b) Body harness. A full body harness is required. Body belts can cause serious injury during a fall and are not allowed to be used as part of a fall arrest system.
c) Connector. A connector links the harness to the anchorage and typically includes lanyards or lifelines.
2) Guardrail system. Guardrails are designed to stop a worker from falling. In residential construction when workers are accessing the roof or a section of a building that is not fully framed, guardrails can be installed along the edge off a floor, roof, and rake, across door and window openings, and around unfinished interior stairwells. Some of the guardrail requirements include that:
a) Top edge height of top rails must be installed at a height between 39 inches and 45 inches above the walking/working level and must be able to withstand a force of at least 200 pounds applied in any downward or horizontal direction;
b) Midrails must be installed at a height midway between the top edge of the guardrail system and the walking/working level. Because this job was new construction of a house, a guardrail system may have been a good choice for fall protection.3,4 The guardrail system could have been installed early in the project and stayed in place for most of the construction process and moved as needed.
Recommendation #2: Employers should provide all employees with training on fall protection and other equipment such as ladders and scaffolding that will be used to complete tasks.
Discussion: Employees, including the victim, were not provided training on fall protection, ladders, and other equipment and tools that were used to complete the framing task. Framing a house typically exposes employees to falls greater than six feet and will require the use of ladders, among other equipment, which was the case for this incident. Therefore OSHA would require the employer to provide training to employees on fall protection and ladders.5
The OSHA regulation 1926.503, Training requirements for fall protection states that employers must provide training to all employees exposed to fall hazards and that the training should include how to recognize the hazards of falling and the procedures to minimize these hazards. Fall protection training should include, but not be limited to:
- How to choose to the most effective fall protection for a task and entire project.
- Proper procedures for erecting and disassembling fall protection systems.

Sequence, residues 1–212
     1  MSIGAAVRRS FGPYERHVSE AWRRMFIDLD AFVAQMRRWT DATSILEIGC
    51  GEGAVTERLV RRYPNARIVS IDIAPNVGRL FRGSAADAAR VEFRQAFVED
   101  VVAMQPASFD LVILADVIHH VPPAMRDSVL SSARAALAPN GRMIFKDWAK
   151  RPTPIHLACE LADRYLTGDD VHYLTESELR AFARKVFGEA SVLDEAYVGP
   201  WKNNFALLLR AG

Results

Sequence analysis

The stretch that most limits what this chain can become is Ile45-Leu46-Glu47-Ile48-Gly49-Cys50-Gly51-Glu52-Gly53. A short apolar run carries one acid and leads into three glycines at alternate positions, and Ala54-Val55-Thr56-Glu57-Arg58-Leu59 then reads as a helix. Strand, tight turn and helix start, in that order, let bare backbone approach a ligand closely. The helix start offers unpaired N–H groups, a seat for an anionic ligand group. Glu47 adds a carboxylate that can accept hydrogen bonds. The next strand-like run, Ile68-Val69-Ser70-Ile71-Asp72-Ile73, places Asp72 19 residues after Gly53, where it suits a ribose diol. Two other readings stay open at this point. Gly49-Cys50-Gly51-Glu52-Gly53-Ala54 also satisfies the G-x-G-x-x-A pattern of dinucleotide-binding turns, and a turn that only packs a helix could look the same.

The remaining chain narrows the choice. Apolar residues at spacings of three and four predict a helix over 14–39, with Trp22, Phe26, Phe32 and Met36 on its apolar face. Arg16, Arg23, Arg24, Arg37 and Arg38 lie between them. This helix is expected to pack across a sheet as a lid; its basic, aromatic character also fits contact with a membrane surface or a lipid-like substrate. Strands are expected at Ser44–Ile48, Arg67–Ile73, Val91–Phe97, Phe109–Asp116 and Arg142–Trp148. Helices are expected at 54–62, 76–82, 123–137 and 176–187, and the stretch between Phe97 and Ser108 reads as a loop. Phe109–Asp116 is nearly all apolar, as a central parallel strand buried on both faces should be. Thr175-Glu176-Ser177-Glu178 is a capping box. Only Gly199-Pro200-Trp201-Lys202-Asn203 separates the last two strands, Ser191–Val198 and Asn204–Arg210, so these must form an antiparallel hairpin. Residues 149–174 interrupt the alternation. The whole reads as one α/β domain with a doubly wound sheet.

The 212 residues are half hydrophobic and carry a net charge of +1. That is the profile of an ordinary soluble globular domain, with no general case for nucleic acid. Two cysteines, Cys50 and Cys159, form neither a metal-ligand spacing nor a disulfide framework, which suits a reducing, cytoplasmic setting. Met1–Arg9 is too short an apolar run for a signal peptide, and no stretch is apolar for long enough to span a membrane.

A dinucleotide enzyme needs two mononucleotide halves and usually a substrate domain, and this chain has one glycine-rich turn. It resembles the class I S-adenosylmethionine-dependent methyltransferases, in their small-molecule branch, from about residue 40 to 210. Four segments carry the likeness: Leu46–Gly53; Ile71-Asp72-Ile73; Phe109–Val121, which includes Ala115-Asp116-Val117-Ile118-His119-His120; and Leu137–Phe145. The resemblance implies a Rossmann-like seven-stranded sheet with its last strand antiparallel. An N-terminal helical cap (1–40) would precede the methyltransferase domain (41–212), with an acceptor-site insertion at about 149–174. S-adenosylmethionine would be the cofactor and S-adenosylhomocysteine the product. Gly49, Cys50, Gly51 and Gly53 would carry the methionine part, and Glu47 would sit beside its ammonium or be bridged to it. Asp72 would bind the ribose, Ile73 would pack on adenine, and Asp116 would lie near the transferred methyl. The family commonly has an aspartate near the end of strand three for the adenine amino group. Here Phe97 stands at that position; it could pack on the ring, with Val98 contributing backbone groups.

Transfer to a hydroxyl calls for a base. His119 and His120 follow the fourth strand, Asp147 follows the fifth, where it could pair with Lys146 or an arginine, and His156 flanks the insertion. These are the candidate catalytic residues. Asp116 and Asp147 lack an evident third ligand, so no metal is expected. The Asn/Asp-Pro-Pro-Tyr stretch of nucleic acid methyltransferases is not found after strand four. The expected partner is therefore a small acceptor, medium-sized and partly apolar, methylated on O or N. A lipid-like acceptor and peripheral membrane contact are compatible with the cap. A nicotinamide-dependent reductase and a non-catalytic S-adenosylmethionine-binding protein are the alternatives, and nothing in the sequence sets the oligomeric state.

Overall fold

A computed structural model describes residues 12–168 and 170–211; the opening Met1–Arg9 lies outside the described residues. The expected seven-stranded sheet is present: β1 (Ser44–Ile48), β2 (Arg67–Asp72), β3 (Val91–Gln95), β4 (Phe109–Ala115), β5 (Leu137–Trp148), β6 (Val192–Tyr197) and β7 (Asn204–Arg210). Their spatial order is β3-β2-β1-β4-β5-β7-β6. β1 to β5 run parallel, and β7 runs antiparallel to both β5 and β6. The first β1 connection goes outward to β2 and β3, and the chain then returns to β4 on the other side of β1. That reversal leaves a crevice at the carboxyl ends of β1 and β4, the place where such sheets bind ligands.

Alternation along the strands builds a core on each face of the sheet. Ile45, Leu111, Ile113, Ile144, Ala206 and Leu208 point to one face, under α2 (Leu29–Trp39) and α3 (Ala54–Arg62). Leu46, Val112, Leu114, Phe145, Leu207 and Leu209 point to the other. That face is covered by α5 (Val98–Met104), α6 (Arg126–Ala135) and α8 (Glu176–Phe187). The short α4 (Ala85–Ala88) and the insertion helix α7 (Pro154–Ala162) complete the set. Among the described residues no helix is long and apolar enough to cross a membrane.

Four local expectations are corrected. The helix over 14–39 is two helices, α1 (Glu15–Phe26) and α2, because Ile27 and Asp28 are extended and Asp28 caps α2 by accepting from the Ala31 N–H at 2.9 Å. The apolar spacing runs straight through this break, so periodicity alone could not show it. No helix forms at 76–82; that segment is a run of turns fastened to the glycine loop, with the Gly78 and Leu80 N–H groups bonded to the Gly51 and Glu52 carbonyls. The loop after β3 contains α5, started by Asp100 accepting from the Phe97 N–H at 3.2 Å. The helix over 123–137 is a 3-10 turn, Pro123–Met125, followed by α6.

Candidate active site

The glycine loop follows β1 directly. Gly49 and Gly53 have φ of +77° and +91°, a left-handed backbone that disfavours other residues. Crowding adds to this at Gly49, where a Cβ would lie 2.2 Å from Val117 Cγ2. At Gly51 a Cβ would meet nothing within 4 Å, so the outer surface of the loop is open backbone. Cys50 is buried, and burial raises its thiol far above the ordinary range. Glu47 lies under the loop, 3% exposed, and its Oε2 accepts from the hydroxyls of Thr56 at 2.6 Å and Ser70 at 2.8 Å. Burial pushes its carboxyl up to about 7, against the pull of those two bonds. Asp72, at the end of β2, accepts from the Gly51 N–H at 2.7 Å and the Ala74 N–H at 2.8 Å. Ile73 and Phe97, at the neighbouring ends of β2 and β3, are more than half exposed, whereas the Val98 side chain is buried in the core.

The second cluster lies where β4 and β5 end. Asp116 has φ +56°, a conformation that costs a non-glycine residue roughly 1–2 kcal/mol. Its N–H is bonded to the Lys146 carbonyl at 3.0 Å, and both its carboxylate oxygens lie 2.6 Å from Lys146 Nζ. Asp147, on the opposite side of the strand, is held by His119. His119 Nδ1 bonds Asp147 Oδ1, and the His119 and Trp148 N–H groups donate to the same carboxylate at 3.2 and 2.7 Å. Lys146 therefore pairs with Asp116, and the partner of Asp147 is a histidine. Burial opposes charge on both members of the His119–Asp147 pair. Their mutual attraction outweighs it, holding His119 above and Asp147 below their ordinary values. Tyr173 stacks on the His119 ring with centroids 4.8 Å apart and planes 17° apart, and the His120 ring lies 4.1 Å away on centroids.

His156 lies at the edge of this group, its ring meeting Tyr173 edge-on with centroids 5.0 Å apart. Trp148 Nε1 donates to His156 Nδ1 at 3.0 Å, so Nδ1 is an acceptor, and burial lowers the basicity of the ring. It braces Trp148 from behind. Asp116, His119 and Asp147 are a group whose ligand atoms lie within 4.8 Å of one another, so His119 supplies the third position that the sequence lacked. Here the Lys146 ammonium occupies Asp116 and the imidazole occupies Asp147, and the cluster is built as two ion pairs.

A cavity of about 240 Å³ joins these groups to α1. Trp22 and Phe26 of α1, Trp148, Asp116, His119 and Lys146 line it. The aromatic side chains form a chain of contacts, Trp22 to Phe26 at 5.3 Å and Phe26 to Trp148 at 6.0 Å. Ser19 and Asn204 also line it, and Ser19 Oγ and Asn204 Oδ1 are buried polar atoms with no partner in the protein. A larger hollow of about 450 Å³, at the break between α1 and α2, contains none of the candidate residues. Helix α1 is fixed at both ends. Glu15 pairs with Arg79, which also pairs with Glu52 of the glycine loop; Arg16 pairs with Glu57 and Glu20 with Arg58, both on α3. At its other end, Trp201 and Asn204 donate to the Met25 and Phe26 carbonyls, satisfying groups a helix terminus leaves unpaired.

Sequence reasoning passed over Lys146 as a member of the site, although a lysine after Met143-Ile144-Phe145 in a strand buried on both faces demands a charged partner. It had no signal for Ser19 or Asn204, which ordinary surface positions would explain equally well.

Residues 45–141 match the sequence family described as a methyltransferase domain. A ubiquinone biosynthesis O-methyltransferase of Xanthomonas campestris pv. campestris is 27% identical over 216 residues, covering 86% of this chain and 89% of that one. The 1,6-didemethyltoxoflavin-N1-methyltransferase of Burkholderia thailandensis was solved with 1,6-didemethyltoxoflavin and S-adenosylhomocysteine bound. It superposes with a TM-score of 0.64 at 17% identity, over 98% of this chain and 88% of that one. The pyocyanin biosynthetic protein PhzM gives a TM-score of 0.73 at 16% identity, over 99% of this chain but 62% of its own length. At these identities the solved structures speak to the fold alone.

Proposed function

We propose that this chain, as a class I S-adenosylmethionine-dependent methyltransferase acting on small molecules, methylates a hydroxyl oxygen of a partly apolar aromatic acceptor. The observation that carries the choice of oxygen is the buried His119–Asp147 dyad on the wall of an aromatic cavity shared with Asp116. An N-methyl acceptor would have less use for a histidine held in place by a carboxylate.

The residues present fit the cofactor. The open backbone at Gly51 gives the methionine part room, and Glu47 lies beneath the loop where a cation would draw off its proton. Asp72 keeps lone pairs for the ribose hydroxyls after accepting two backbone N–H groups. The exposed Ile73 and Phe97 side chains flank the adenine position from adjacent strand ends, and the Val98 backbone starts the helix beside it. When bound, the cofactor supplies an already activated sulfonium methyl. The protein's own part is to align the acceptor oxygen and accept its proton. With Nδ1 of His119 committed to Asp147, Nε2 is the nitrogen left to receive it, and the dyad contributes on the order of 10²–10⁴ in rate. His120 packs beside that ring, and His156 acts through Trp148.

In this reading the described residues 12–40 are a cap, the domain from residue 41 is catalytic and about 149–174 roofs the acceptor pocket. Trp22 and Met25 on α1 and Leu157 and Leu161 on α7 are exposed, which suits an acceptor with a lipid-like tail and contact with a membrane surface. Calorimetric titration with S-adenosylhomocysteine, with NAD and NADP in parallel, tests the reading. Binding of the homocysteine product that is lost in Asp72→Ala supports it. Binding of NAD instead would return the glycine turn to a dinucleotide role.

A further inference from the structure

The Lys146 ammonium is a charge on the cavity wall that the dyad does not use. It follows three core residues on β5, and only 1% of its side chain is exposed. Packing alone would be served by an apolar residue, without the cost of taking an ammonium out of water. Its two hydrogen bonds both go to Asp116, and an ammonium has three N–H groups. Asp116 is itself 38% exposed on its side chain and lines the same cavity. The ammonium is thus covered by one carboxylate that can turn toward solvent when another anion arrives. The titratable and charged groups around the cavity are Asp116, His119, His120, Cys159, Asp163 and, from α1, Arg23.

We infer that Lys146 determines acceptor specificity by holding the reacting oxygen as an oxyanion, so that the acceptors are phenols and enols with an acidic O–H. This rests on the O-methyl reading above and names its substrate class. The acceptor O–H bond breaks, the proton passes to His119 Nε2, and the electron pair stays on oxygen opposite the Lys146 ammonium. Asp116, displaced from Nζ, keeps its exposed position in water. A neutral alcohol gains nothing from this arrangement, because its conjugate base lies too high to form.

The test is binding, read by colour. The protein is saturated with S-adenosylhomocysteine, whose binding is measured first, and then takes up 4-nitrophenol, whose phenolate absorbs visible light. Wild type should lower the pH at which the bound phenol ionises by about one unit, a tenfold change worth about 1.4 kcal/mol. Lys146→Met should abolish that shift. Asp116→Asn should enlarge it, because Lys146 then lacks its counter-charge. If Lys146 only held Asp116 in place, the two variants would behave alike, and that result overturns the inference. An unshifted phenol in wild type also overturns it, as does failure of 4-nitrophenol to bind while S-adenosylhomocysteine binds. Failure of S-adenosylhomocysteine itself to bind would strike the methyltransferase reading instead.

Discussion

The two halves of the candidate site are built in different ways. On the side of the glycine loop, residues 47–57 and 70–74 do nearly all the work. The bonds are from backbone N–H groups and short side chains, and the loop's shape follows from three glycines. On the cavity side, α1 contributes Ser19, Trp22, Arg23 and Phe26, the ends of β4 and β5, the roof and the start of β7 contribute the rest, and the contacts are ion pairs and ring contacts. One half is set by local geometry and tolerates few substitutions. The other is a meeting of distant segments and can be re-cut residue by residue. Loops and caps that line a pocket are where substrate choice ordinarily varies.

- Proper inspection and maintenance of fall protection systems.
- Proper use and operation of guardrail systems, personal fall arrest systems, and other protection to be used.
The OSHA regulation 1926.1060, Training requirements for stairways and ladders states that training shall enable each employee to recognize hazards related to ladders and stairways, and shall train each employee in the procedures to be followed to minimize these hazards.6 Routine training on ladders can remind workers about proper ladder usage. Ladder training should include, but not be limited to:
- How to choose the correct ladder for the job, including type of ladder, length, and duty rating.
- Proper inspection of the ladder prior to use.
- Proper handling and placement of ladders.
- Proper set up and use of a ladder.
Quite often scaffolding and aerial lifts are used on construction sites. The OSHA regulation 1926.454, Training requirements for scaffolds requires employers to provide employees with training when they will be using scaffolding and aerial work platforms to complete tasks.7 Scaffolding and aerial work platform training should include, but not be limited to:
- How to choose the correct scaffold or aerial work platform for the job.
- Maximum weight capacity of the scaffold or aerial lift.
- Proper set up and use of scaffolds and aerial lifts.
- Proper selection and use of fall protection with scaffolds and aerial lifts.
All trainings should be performed by a competent person as defined by OSHA as “one who is capable of identifying existing and predictable hazards in the surroundings or working conditions which are unsanitary, hazardous, or dangerous to employees, and who has authorization to take prompt corrective measures to eliminate them.” Retraining should be provided for each employee as necessary. In addition, all training should be documented and the documentation should include who provided the training and their qualifications, the content of the training, workers who were trained, and the assessments of workers’ comprehension of the training.
Recommendation #3: Employers should develop, implement, and enforce a safety and health program that addresses hazard recognition and avoidance of unsafe conditions.